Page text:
28 April 2008

Waste to Energy in Iraq

The oil rich countries of the Persian Gulf understand the need to diversify their energy approaches. High oil and gas costs affect their own domestic use of fuel, and push them toward nuclear electricity and renewable energies like solar. Although these desert countries are not necessarily richly endowed with biomass potential, wherever there are cities there is municipal waste and garbage. Current waste to energy approaches in Iraq are being spearheaded by the US military and its contractors. Once the Iraqi government sees how well the process works, perhaps they will want to use it to avoid the fate of Egypt's cities.
Various wastes including food slop, plastic, paper and styrofoam are fed into TGER and converted by the hybrid systems using thermochemical and bio-catalytic technologies into either synthetic gas (similar to low-grade propane) or hydrous ethanol, respectively. The ethanol combined with the synthetic gas can be used to power a 60kw generator, however, there are additional options for utilizing the energy. TGER is capable of converting the non-biological materials into fuel pellets, and the biological waste into ethanol that can be stored and burned later. Power from the TGER could be stored in batteries or the technology itself could be literally plugged into the local power grid, a large electrical network that powers basic appliances on demand.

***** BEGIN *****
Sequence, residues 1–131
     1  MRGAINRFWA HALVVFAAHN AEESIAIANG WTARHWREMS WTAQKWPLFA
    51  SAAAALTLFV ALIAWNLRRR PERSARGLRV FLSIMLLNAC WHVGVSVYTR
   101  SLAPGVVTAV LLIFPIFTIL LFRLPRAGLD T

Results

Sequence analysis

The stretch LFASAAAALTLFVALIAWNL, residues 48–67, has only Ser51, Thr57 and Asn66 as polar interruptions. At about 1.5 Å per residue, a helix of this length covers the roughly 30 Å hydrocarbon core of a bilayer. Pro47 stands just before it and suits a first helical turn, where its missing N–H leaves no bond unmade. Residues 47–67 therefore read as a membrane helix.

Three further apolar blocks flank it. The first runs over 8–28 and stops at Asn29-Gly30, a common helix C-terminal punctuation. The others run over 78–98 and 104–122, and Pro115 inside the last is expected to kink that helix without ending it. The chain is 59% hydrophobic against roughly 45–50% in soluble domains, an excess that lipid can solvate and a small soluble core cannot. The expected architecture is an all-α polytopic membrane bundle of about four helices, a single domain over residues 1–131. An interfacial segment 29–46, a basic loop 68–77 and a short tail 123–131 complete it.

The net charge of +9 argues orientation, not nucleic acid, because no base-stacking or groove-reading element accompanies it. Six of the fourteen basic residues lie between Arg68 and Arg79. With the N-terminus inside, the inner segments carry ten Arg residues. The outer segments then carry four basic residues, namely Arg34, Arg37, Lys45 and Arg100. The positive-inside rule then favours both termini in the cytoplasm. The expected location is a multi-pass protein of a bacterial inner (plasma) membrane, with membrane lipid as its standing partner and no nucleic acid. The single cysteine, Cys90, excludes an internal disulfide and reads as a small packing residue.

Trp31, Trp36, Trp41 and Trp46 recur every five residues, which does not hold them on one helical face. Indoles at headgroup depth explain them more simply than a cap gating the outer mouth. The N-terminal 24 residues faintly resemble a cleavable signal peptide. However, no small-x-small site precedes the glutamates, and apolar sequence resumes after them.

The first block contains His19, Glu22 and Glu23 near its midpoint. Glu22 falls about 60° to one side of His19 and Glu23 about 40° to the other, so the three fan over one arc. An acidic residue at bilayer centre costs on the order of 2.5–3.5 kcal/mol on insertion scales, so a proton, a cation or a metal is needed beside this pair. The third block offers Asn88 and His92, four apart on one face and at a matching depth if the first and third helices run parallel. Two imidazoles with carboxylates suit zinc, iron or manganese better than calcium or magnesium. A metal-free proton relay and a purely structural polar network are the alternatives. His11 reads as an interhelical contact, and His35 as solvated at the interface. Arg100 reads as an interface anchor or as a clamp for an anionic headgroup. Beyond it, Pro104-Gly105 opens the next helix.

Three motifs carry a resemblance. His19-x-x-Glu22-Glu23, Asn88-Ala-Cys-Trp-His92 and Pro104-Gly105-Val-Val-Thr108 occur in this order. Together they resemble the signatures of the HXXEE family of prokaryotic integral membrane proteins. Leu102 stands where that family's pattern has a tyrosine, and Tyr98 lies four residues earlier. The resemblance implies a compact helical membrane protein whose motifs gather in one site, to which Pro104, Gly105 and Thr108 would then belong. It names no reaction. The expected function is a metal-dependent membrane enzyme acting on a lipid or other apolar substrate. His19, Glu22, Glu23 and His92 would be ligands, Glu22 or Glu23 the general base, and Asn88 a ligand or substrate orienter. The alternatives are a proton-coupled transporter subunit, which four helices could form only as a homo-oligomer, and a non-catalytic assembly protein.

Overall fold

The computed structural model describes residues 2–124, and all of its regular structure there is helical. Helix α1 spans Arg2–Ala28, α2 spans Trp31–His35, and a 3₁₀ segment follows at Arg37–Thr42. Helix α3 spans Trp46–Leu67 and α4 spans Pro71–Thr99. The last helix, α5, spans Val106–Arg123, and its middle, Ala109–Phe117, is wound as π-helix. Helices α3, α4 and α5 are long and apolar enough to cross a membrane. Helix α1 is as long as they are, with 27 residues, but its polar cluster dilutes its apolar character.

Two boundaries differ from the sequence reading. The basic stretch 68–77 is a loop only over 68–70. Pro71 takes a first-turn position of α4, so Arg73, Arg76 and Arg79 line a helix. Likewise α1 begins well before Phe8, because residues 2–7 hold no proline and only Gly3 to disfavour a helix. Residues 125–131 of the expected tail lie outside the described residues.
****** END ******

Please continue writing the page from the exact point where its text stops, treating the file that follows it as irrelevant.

TGER was created through a partnership with Defense Life Sciences, LLC, the visionary and system Lead for TGER, its academic partner Purdue University and the ECBC. Motivated by a study conducted in 2001 by the National Research Council, which identified opportunities in power and energy, ECBC's Scientific Advisor for Biotechnology, Dr. James J. Valdes, responded by writing a Small business Technology Transfer Research Program (STTR) topic on tactical energy. _Source
All of the cities of the world produce abundant waste and garbage. The smarter cities such as Vancouver BC, and Austin TX, are beginning to tap into that waste stream to supply energy for city operations. In fact, for many areas of North America landfills are starting to be seen as the new oil fields.

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